The topic of this sequence of experiments is catalyst research. Over a 5-6 week-long project students use metal-mediated atom transfer radical polymerizations (ATRP) as a case study for the discovery and development of homogeneous catalysts. During the first two weeks students repeat published work to become familiar with the topic and the practical aspects of this type of chemistry. In the third week, students present their results and plan future experiments. The presentations are followed by an interactive discussion on ways of improving the performance of the known catalyst system or designing a new catalyst. In the remaining three weeks of labs, students pursue their ideas on catalysts improvements. Class time is set aside for students to present their data in the last week of classes. As a final assignment, individual data are made available to all students, and each student is asked to write a journal-type article.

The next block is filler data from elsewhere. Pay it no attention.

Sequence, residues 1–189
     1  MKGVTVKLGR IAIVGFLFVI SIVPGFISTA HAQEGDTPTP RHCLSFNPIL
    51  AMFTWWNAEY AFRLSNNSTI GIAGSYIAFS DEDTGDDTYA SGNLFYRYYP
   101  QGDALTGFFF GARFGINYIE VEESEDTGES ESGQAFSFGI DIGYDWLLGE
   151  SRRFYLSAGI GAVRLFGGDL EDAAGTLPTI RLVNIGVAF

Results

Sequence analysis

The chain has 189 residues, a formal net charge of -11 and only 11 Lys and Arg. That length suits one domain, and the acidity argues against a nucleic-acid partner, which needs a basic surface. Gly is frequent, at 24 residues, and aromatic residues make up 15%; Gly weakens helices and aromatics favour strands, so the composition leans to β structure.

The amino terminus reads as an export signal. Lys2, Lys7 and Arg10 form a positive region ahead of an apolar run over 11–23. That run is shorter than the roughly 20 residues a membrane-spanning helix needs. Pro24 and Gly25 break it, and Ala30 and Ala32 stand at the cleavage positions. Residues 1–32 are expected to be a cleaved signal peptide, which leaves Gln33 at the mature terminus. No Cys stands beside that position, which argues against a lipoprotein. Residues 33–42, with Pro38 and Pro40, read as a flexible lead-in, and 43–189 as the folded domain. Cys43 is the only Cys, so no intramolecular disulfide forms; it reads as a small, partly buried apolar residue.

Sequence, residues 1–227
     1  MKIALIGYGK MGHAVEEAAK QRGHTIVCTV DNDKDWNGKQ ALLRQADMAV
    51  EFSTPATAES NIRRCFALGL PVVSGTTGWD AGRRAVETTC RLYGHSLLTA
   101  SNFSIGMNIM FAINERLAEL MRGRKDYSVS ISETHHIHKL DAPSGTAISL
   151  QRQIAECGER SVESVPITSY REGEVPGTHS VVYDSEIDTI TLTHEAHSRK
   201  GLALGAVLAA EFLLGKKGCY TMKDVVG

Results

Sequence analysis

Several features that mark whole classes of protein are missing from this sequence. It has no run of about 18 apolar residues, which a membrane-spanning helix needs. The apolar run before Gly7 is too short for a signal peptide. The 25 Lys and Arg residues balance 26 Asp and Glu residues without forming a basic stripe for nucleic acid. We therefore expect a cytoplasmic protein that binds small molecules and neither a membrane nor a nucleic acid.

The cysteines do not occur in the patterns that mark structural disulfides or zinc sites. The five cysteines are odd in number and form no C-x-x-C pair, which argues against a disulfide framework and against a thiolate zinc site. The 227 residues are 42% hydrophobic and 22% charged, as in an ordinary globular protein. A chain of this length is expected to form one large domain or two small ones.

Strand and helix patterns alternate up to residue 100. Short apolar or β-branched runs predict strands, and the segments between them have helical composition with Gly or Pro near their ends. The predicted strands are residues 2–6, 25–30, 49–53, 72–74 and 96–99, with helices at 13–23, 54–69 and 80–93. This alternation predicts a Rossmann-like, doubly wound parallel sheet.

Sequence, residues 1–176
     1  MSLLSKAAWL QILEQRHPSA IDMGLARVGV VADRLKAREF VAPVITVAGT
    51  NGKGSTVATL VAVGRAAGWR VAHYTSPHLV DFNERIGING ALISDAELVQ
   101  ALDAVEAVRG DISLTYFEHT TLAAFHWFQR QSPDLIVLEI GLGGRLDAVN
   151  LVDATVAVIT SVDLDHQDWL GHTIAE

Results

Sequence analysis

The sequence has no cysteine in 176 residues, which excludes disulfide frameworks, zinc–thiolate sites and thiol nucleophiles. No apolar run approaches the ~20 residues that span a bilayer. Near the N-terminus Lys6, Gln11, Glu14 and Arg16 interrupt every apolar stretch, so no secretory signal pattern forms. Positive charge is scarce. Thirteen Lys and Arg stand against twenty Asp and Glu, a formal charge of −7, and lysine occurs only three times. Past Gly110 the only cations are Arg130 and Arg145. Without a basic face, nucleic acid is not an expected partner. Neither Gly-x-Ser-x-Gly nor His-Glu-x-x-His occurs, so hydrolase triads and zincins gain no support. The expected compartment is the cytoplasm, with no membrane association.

Students are introduced to the use of metals in polymerizations and the industrial importance of these processes. They can identify the most common polymers in a handful of everyday objects.
Students learn about the process of optimizing catalysts performance by exploring the effect of ligand structure, temperature, reactant ratios, solvents, metal choice, additives on the performance of the catalyst. Stduents can describe how the effect of changing these variable might affect the polymerization and go on to test their prediction. In doing so, students experience the design of a research project.
Students practice their communication skills through presenting their results, and writing a journal-type lab report.
Schlenk lines or inert gas purge lines
stir plates / hot temperature baths
In principle, the idea of catalyst optimization can be applied to a variety of catalysts, with varying degrees of air-sensitivity / availability etc. (see also related experiments). I chose the ATRP system since we also have a research project in this area.
The polymerizations and ligand syntheses are fairly tolerant to the occassional exposure to air, but the former will fail if done in air. Complexes are generated in situ.